The Apple ‘n Arts Festival will celebrate its 40th anniversary in October
Sept. 17 – At age 7, Casey Schroeder of Murrysville already had a keen eye for economics.
“He was part of the baking contest at the Delmont Apple and Arts Festival, and he wanted to know why the adults got paid more for winning than the kids,” said Schroeder’s grandmother, Angela Whorfsman.
Schroeder, now 16, and his older brother Travis have become veterans of the roasting competition at the annual festival, which will celebrate its 40th anniversary Oct. 1-2 at Shields Farm in Delmont.
From the century-old apple press creating thousands of gallons of fresh cider to the sweet faces at the Baby Apple Cheeks Contest — in which the Schraeder brothers were also former contestants — the festival brings a weekend of food, fun and music to the neighborhood.
Organizer Brandy Walters has been involved with the festival since she was younger than the Schrader family.
“I was always part of the Presbyterian church group, and we made apple butter on site in these big kettles that my family owned,” Walters said. “We used my grandmother’s recipe and I stood there stirring forever. Sometimes I was in charge of stirring it when it came out of the kettle.’
And although the festival is held late enough in the season not to compete with the region’s host of late summer and early fall festivals, the weather always makes the weather a bit anxious.
“Time is always an issue and finding enough volunteers becomes a struggle,” Walters said. “The Murrysville Alliance Church is helping us with parking as they have in the past, but they have also had to downsize due to a lack of volunteers.”
Festival organizers will eliminate off-site parking at Steel City Raceway, opting instead for the nearby Eastview Union Cemetery parking area.
“The members of the Delmont Vision Committee will help us with the parking there,” Walters said.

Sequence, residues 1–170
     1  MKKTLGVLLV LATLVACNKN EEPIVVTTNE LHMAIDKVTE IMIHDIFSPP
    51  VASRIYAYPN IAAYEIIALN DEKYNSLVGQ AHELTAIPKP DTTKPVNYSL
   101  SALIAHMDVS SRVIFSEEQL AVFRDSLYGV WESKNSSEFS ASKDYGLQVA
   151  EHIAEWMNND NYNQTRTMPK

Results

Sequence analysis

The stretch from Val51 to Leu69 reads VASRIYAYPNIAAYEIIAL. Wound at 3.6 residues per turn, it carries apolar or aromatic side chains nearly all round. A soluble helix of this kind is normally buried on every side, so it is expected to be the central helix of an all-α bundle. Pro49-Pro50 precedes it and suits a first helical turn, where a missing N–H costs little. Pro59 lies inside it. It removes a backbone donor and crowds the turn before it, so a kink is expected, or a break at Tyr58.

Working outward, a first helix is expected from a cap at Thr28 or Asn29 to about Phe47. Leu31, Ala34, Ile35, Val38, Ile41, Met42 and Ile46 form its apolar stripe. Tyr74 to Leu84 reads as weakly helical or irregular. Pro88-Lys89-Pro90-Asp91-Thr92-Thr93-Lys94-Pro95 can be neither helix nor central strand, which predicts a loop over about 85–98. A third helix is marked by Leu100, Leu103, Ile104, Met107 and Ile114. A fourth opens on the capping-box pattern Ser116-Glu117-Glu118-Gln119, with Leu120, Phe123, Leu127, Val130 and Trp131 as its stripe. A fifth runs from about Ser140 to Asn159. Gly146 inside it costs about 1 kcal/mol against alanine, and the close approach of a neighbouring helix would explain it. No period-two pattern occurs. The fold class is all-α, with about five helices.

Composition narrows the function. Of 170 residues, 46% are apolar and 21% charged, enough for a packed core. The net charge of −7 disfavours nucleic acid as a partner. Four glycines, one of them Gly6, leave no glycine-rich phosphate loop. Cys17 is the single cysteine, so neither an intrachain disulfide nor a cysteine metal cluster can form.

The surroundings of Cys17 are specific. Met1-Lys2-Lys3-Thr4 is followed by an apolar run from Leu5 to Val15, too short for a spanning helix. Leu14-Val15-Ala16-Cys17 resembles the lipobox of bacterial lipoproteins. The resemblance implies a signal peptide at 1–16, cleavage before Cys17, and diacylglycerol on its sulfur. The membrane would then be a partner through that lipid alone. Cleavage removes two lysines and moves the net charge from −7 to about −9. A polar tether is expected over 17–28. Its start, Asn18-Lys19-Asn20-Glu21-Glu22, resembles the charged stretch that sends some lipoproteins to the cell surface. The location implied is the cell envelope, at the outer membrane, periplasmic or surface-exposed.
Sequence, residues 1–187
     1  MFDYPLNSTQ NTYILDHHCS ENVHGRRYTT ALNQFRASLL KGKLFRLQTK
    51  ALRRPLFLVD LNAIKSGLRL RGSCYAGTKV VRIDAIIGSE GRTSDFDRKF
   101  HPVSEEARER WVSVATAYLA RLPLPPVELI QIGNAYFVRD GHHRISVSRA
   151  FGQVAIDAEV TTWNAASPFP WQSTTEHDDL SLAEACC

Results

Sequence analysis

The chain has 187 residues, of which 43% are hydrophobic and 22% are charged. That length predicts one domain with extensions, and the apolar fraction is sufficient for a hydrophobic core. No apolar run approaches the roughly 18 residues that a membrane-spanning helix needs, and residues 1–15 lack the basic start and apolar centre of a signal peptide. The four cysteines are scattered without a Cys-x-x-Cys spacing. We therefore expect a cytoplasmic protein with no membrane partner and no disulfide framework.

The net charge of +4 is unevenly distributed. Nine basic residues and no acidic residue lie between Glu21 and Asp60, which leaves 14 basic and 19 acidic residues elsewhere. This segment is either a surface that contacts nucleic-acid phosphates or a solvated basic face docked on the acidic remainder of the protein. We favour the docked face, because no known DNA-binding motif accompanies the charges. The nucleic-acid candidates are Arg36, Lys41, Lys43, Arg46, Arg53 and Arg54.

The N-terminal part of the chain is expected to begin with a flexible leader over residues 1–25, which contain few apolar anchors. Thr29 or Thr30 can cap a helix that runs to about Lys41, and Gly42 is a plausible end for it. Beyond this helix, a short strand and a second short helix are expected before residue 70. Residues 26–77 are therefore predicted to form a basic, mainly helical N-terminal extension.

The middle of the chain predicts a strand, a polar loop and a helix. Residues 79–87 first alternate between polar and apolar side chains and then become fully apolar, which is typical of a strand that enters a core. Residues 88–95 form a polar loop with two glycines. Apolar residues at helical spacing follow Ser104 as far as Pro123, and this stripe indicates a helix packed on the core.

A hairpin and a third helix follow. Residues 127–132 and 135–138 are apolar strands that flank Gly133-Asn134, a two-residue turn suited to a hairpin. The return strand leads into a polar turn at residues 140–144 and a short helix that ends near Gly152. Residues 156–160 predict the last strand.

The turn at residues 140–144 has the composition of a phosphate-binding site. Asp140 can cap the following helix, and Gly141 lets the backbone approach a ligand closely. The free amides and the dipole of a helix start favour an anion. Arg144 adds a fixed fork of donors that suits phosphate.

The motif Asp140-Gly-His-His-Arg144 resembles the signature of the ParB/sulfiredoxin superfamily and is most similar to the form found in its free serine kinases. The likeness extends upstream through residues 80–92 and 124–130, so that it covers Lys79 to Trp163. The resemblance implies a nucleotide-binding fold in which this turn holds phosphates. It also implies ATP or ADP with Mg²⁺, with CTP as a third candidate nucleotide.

Festival organizers will bring Fab Four cover band Beatlemania to headline this year’s festival on Sunday afternoon. Saturday will feature performances by Christian rock band Fire Escape (10 a.m.), Keystone Contemporary Ballet (2 p.m.) and Marshele Bradford Exchange (3 p.m. and 5 p.m.) along with Wild World of Animals (4:00 p.m.).
Sunday will feature a non-denominational church service from 11 a.m., Wild Animal World at noon and Beatlemania Magic from 3-5 p.m.
There will be plenty of children’s activities throughout the festival, including a petting zoo, train rides, apple slingshot and more.
As for the Schroeder brothers, they still haven’t settled on a recipe for this year’s baking competition.
“I really like taking all these random things, throwing them together and it comes out a chocolate chip cookie or an apple pie,” Casey said.
His brother agreed. “I don’t cook as often as Casey, but it’s a lot of fun,” Travis said. “It’s a challenge, almost like building a puzzle. And if you do it right, you have a tasty treat and you can show it to other people.”
This challenge has led to numerous awards for the couple over the years. Travis was sitting in his grandmother’s kitchen looking at old race photos.
“Oh wow, I won $50 this year,” he said, pointing to a photo.
Almost immediately, sibling rivalry bubbled to the surface.
“Yes. But I won $100 this year,” Casey said over his shoulder.
Patrick Varin is a Tribune-Review staff writer. You can contact Patrick by email at [email protected] or via Twitter.